Our study showed a greater mean reduction in PASI scores in the atorvastatin group compared to the placebo group, although differences were not statistically significant. Using the per-protocol analysis, the atorvastatin group was noted to have significantly higher mean percentage reductions in PASI earlier in the treatment course, although the improvement was not sustained beyond the 3rd month in some patients. Patients from the placebo group were similarly able to achieve PASI-50 at the end of 6 months. This implies that the adjunctive use of atorvastatin to topical corticosteroids in the treatment of mild to moderate plaque type psoriasis apparently did not produce a significant added benefit. This lack of additional benefit was likewise reflected in the change in DLQI scores which was not found to be significantly different between the two groups. Our study also showed that a Class III (mid-potency) topical corticosteroid, betamethasone valerate 0.1% ointment was already sufficient for some patients to achieve PASI-50 at 6 months. However, the differences in the results of the two analyses (intention-to-treat and per protocol) may signify that a high dropout rate might have affected the results with the conclusions being soft.

Our findings are similar to two previous studies: that by Colsman and Sticherling and Faghihi et al.[7],[11] Our protocol is closer to that of Faghihi, where they examined the effect of atorvastatin 40 mg/tablet on patients with mild psoriasis (PASI <12) for 12 weeks.[11] Other studies reporting significant improvement were up to week 8 only,[6],[8],[10] except that of Vasiuk et al.[9] Similarly, we saw significant improvement on month 2 and 3, but afterward, the improvement was comparable in the two groups. We therefore surmise that statins might initially give faster improvement up to month 2, but that these effects would not be sustained.

This study enrolled patients with only mild to moderate psoriasis. This is in contrast to the studies of Vasiuk et al. and Guitan and Paliza which enrolled patients with severe psoriasis with PASI scores ranging from 13.3 to 30.03.[9],[10] Hence, a larger treatment effect must have been observed in the two previous studies as a result of the higher baseline PASI scores. This difference may have resulted in the contrast compared to our findings. We decided not to enroll patients with severe psoriasis due to ethical reasons. Psoriasis treatment guidelines advise the initiation of systemic therapy once a PASI score of 10 is reached and hence it would be unethical to withhold systemic therapy from patients with severe psoriasis for 6 months considering that the placebo group would essentially be using topical corticosteroids only.

Our study also attempted to correlate the decrease in PASI scores with the decrease in lipid profile levels and the decrease in high-sensitivity C-reactive protein. Results showed that despite the decrease in the total cholesterol and low-density lipoprotein-cholesterol levels in the atorvastatin group, PASI scores did not decrease correspondingly. This finding emphasizes that if indeed atorvastatin had anti-inflammatory effects, these effects were independent of its lipid-lowering capabilities. Interestingly, an expected overall decrease in hsCRP levels in the atorvastatin group was not observed in our study. This observation may be because patients might have other inflammatory processes going on in their bodies and atorvastatin 40 mg might not be enough to control these ongoing inflammatory processes; and plausibly because high-sensitivity C-reactive protein is not a specific inflammatory marker for psoriasis. A high-sensitivity C-reactive protein test is a more sensitive measure of C-reactive protein using laser nephelometry and can detect levels as low as 0.04 mg/dL. C-reactive protein is an acute-phase reactant produced by the liver in response to the release of interleukin-6 by macrophages and thus is an indirect measure of interleukin-6, an inflammatory marker involved in the pathogenesis of psoriasis. However, psoriasis has a very complex immunopathogenesis with a myriad of inflammatory cytokines involved (tumor necrosis factor-α, interferon-γ, interleukin-1β, interleukin-6) and a suitable inflammatory marker for research remains to be identified. Although several studies have shown significant correlation of C-reactive protein levels with psoriasis disease severity, especially for moderate to severe psoriasis, there is no sufficient evidence that the same association exists for mild disease.[26]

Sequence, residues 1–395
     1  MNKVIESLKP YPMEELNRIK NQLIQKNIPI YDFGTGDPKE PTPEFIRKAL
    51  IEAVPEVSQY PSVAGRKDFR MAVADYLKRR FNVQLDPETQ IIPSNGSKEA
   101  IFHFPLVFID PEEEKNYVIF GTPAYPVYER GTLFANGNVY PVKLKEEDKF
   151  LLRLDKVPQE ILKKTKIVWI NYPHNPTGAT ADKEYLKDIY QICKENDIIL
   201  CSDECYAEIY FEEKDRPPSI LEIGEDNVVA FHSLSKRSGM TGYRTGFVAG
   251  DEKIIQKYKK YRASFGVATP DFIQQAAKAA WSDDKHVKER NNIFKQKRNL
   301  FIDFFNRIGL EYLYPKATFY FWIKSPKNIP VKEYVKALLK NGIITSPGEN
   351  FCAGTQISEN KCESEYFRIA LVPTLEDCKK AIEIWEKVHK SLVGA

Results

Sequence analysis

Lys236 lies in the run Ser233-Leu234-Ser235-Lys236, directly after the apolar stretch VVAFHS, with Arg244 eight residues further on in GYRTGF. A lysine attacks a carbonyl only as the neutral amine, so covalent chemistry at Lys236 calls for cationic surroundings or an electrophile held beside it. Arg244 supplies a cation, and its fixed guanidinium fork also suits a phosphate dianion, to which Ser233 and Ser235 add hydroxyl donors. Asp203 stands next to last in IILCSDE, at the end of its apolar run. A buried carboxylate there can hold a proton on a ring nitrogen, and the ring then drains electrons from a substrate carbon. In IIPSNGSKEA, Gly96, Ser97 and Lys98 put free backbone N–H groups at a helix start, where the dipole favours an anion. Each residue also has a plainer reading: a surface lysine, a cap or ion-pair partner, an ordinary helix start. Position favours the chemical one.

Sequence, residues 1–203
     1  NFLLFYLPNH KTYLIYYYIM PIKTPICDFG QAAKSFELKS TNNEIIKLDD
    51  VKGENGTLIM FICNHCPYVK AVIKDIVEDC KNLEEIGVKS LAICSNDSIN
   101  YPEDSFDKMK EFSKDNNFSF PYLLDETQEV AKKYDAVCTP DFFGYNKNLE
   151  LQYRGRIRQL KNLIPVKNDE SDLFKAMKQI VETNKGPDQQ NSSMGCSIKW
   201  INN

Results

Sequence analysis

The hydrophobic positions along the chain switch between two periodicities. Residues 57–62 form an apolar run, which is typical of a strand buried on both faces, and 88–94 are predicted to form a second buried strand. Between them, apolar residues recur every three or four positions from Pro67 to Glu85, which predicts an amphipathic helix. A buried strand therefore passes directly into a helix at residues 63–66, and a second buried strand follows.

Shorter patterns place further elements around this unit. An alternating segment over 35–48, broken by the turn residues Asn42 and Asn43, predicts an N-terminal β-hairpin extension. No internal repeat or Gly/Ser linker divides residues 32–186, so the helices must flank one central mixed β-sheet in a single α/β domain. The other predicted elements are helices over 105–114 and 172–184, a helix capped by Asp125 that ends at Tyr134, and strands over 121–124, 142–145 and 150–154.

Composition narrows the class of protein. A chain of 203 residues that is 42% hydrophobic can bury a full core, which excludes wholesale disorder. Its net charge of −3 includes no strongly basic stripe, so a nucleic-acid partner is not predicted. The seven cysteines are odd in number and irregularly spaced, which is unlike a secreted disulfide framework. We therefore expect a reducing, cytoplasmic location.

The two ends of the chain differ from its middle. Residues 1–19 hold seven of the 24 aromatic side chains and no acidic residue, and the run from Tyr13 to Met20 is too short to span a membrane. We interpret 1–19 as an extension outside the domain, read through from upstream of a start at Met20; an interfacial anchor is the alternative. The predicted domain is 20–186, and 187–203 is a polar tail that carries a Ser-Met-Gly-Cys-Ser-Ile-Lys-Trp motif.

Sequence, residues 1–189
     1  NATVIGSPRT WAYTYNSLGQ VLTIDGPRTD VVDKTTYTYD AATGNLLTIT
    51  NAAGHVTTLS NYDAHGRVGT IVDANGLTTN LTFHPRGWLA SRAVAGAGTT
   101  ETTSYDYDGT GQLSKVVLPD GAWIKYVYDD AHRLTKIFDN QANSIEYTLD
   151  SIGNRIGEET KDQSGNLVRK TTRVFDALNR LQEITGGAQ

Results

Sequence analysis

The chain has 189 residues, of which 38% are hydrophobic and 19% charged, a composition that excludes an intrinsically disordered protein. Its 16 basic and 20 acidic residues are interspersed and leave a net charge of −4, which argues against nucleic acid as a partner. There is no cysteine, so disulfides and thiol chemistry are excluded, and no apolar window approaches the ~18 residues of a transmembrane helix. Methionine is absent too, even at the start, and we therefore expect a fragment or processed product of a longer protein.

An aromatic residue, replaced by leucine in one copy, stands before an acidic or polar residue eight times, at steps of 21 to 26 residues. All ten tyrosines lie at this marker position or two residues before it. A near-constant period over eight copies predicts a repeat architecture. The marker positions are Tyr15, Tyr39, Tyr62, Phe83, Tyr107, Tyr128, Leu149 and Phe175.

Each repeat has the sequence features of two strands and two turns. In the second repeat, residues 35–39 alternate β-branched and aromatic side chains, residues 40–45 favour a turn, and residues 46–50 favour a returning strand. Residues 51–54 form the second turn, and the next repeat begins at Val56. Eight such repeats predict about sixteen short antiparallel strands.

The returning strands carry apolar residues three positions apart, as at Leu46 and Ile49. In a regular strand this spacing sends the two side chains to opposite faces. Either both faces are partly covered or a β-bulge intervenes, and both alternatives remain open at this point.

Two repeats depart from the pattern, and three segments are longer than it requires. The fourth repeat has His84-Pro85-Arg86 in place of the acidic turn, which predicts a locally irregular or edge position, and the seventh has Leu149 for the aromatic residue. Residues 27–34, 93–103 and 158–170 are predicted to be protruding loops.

Atorvastatin, until recently, has been available in the market as a very expensive drug, costing as much as ninety pesos or 1.8 USD for a 40 mg/tablet. It is fortunate that cheaper options are now available, costing as low as 15 pesos or 0.3 USD for a 40 mg/tablet. Nonetheless, this additional cost for the treatment of psoriasis should be weighed against its benefits.


The remarkably high dropout rate decreases the robustness of study results. Interpretations of statistical tests should therefore be taken with caution.


There is no sufficient evidence to say that adjunctive use of atorvastatin 40 mg/day for 6 months has a significant added benefit on placebo in the treatment of Filipino adults with mild to moderate plaque type psoriasis. Per-protocol analysis however showed that there is a trend to benefit with atorvastatin 40 mg/day in terms of a slightly faster achievement of PASI-50. Additional cost of this treatment should be weighed against its potential benefits. Nonetheless, atorvastatin would still be helpful for patients who need cholesterol- and low-density lipoprotein-lowering agents (i.e., psoriasis patients with concomitant metabolic syndrome)

Financial support and sponsorship

This study was partially financially supported by the Philippine Dermatological Society.

Conflicts of interest

There are no conflicts of interest.